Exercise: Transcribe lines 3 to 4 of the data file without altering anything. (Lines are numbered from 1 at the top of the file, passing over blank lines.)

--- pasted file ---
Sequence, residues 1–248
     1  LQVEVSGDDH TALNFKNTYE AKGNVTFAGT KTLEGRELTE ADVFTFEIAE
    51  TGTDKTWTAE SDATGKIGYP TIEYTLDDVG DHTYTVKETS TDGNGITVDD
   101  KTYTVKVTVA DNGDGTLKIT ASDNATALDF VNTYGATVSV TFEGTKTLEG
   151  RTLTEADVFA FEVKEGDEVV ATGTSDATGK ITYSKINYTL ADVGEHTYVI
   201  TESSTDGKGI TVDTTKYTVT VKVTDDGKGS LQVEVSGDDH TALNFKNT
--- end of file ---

    51  TGTDKTWTAE SDATGKIGYP TIEYTLDDVG DHTYTVKETS TDGNGITVDD
   101  KTYTVKVTVA DNGDGTLKIT ASDNATALDF VNTYGATVSV TFEGTKTLEG